WASHINGTON – For more than a century, one of the biggest challenges for the southwest Alabama region has been transportation across Mobile Bay from Mobile to Baldwin County and vice versa. 

The problem goes back all the way to the early part of the last century. The city of Mobile was still feeling the effects of the Civil War and was relatively isolated from the rest of the state. The powers in Montgomery gave little focus to Mobile and its access woes, including east-west access to and from Mobile. What access that had existed either came from the north or was provided at the time by a ferry that came at a very high cost for travelers.

Eventually what is known as the old Cochrane Bridge, a vertical lift bridge, opened in 1927. That tied Mobile to the newly built Causeway (now called Battleship Parkway), which alleviated the need for transport via ferry. 

As the years passed, other east-west means of crossing the Mobile River opened. The Bankhead Tunnel came in the 1940s, providing a more direct approach than the Cochrane Bridge to the Causeway from downtown Mobile. In the 1970s, both the I-10 Wallace Tunnel and the I-65 General W.K. Wilson Bridge (also known as the Dolly Parton Bridge) opened. Then in the early 1990s, the new, cable-stayed Africatown-Cochrane Bridge opened, replacing the vertical lift bridge.

Yet in 2014, all those avenues are insufficient. Mobilians have had to deal with traffic backing up going into the Wallace Tunnel out of Mobile for more than a decade now. The Bankhead Tunnel could be in its final days as an east-west means for local traffic to Baldwin County. The Cochrane-Africatown Bridge, albeit an engineering spectacle, is an out-of-the-way route that requires drivers to make a pass through Prichard.

The city has explored other methods of transit, including bringing back ferry service between Mobile and Fairhope. But the one that seems to be the most likely fix is a new bridge for Interstate 10 across the Mobile River that would bypass the Wallace Tunnel.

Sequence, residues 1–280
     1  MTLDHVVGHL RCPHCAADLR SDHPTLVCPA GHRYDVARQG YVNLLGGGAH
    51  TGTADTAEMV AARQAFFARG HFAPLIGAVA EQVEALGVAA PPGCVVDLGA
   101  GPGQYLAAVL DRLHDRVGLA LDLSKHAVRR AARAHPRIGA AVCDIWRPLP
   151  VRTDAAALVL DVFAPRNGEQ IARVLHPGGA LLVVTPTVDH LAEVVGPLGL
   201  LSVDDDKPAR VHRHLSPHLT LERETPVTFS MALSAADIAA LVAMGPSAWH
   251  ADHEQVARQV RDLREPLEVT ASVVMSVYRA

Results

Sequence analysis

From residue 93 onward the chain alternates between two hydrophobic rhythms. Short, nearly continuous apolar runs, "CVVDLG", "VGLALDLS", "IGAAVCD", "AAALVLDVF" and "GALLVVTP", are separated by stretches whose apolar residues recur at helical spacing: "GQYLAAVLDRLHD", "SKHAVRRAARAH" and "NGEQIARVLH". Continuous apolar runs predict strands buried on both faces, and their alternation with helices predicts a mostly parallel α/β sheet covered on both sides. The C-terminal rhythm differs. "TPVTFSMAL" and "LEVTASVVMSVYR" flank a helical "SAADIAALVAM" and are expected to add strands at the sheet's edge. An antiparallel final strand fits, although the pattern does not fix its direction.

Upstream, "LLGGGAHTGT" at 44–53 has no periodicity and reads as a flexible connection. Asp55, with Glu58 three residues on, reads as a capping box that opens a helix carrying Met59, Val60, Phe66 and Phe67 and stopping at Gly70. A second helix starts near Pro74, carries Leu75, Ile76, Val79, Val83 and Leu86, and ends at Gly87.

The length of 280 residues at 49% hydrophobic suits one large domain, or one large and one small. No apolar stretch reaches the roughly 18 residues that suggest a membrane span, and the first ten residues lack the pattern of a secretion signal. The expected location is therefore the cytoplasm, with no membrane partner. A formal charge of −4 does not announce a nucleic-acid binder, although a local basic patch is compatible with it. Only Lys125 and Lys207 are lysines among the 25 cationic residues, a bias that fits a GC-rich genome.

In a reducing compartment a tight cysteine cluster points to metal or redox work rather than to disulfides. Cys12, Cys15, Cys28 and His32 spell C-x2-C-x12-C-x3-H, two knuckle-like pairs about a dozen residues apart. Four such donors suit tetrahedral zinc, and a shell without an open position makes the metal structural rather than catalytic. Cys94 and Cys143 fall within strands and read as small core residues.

Last week, a delegation of officials from Mobile and Baldwin Counties made a trip to Washington, D.C. to make a renewed push for yet another bridge, one of which will hopefully be the cure-all for this problem that has plagued the region going back to the days of the invention of the automobile.

According to Baldwin County Commissioner Tucker Dorsey, traffic, safety, hurricane evacuation and economic development were the emphasis on the trip that included visits with not only the Alabama congressional delegation, but also members from neighboring Florida and Mississippi.

“We are obviously working up here,” Dorsey explained to Lagniappe. “It’s probably the biggest regional push we’ve ever had for coastal Alabama for a project that means so much for all of us, to have a big impact on our communities.”

Mike Lee, co-chair of the Build the Bridge Coalition and also part of the delegation, explained the release of the federal government’s long-anticipated draft environmental impact study earlier this year is what prompted the newest push for the I-10 bridge. He said another series of public meetings and comment periods will have to take place until the actual design and engineering of the bridge would take place.